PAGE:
The Houston Museum of African American Culture is proud to present another year of engaging exhibitions and programming for the diverse Houston community to enjoy.
Badass Art Man: A conversation between the art of Danny Simmons and his collection
January 13-February 25, 2017
Badass Art Man allows us to get to know Danny Simmons deeply. We learn about him through his own artwork and his collection, and through the conversations between the two. This exhibition creates a portrait of Simmons as a keen observer of art, art-world politics, and social issues.
i found god in myself: 40th anniversary of Ntozake Shange's for colored girls...
March 10-April 15, 2017
In celebration of the 40th anniversary of Ntozake Shange’s genre-bending,award-winning choreopoem/play, for colored girls who have considered suicide/when the rainbow is enuf, the Houston Museum of African American Culture is pleased to present i found god in myself, an exhibit curated by cultural curator, lifestyle expert, media content producer + renaissance man Peter “Souleo" Wright. On view will be an art exhibit honoring individual poems and additional artwork further expanding upon related themes of sexuality, race, sisterhood, violence and self-love depicted and inspired by Shange’s work.
Africa on my mind: The art of Malick Sidibe and Leslie Wayne
April 28-July 1, 2017
Malick Sidibé was a photographer known for his black-and- white images chronicling the exuberant lives and culture, often of youth, in his native Bamako, Mali in the 1950s, ‘60s, and ‘70s. Sidibé’s work documents a transitional moment as Mali gained its independence and transformed from a French colony steeped in tradition to a more modern independent country looking toward the West. He captured candid images in the streets, nightclubs, and sporting events and ran a formal portrait studio.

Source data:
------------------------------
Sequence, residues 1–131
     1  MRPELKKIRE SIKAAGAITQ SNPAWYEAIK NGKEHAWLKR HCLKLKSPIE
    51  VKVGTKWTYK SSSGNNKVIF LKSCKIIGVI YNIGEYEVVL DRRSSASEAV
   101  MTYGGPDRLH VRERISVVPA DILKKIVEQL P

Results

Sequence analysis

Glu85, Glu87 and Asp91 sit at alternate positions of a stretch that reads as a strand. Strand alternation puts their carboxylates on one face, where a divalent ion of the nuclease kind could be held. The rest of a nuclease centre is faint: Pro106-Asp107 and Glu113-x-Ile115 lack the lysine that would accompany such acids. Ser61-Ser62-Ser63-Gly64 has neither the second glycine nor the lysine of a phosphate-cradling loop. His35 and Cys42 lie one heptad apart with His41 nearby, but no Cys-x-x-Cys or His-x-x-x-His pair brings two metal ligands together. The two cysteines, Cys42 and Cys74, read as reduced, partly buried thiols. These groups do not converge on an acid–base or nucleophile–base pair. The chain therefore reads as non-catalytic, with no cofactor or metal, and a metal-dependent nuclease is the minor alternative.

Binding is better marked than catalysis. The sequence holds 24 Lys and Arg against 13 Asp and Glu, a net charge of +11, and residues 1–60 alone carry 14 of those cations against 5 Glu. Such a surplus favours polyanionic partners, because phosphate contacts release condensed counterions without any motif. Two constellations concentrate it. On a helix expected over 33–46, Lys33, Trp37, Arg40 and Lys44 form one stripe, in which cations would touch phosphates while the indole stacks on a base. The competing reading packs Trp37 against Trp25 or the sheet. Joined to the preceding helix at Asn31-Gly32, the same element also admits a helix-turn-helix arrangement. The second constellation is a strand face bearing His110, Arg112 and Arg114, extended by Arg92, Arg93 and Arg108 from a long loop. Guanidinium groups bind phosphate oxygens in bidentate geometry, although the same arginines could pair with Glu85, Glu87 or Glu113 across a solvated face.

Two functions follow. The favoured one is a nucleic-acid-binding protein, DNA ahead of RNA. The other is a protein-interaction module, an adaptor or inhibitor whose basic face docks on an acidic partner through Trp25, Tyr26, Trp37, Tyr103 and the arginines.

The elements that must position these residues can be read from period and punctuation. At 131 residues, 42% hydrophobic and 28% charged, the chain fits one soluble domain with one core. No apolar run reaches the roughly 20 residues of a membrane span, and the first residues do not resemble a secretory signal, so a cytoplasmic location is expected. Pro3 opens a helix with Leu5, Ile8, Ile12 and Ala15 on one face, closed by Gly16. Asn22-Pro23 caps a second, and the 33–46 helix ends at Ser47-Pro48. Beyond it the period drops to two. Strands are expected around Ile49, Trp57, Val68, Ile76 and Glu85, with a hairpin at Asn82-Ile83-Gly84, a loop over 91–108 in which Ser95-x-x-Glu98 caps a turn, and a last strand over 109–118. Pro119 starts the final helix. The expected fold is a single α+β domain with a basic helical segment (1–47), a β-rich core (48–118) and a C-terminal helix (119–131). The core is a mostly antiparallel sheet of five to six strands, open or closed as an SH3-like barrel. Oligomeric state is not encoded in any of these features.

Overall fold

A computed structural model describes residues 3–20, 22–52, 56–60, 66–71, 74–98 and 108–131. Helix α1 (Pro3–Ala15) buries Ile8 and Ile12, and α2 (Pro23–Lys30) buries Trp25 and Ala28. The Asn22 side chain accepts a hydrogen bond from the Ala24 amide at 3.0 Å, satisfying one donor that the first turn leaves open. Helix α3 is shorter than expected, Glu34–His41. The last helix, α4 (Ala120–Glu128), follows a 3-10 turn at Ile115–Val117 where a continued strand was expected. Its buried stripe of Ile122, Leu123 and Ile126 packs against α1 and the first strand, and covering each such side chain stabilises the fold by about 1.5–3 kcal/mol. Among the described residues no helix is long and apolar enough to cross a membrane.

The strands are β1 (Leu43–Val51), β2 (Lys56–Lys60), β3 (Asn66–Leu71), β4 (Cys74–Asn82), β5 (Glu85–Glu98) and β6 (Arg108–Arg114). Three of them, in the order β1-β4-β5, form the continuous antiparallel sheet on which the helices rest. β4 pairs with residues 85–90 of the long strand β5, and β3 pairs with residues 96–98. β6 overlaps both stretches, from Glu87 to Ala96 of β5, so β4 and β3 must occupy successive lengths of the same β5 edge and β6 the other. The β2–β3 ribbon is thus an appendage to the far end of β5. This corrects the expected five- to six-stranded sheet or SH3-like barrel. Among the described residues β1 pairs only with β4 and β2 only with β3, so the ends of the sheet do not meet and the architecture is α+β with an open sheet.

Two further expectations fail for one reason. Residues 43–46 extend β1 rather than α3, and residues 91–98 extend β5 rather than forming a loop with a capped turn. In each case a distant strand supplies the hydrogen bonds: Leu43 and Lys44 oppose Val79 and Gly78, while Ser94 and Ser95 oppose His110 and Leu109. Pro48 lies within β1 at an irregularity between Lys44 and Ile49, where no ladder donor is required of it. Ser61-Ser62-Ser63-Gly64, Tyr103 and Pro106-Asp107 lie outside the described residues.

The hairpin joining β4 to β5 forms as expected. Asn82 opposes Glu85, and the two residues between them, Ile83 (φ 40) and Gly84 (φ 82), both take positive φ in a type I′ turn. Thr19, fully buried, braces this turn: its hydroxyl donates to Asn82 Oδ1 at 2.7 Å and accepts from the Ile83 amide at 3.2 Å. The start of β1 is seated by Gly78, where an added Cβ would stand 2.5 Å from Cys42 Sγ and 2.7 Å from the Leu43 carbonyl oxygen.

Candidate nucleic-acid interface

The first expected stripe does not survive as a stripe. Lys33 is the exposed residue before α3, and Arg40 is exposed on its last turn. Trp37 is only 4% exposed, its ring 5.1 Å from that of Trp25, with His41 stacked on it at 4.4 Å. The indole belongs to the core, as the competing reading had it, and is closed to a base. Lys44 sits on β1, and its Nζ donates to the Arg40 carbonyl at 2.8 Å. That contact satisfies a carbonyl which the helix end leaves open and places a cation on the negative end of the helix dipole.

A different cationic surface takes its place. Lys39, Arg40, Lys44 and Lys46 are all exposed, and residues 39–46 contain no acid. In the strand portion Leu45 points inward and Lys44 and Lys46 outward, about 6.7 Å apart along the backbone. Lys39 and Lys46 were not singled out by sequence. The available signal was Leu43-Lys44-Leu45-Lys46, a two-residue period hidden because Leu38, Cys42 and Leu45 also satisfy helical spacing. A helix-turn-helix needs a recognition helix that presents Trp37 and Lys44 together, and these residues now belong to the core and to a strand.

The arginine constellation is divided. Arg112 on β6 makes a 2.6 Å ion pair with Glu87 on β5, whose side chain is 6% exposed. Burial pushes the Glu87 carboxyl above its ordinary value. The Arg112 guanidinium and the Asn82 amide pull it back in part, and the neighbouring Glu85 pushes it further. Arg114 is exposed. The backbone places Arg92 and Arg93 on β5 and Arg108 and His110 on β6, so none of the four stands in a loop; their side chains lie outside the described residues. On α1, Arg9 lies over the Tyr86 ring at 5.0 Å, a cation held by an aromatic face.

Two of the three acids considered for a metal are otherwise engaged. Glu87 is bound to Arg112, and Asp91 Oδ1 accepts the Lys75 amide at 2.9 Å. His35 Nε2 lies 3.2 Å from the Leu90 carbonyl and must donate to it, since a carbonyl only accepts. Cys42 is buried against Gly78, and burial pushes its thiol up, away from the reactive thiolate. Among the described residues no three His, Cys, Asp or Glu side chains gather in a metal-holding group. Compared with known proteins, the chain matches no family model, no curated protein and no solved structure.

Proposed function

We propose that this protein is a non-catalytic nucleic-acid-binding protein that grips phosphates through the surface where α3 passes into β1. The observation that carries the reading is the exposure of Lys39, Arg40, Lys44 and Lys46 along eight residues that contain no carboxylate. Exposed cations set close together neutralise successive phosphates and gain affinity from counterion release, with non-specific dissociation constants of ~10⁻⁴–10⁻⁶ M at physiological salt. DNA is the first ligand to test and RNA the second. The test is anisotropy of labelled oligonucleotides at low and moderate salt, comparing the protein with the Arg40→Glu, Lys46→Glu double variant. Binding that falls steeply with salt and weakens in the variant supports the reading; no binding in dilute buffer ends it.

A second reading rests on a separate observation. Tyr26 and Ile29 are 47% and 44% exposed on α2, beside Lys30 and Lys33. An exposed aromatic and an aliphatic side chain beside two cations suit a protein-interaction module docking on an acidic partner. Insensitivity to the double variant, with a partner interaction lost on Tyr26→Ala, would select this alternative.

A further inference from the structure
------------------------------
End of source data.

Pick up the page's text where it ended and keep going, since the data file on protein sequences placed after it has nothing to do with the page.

Leslie Wayne’s dimensional oil paintings straddle an uneasy territory between object and illusion. She manipulates the medium by approaching oil paint as a sculptural material, often times scraping, folding, cutting and building up the surfaces. Her work takes on three-dimensional forms with layers, varying textures and colors, taking the viewer’s gaze literally in and out of the painting in a physical way and beyond normative ideas about what a painting should be. In her African inspired Paint/Rag series, Wayne drapes skins of paint in ways that resemble textiles, adorning the surfaces with varying patterns, mixed and matched from different tribes across Africa. By making a painting that looks like a humble scrap of cloth, Wayne addresses head on the undervalued beauty of the everyday and the separation of fine arts and crafts in Western culture.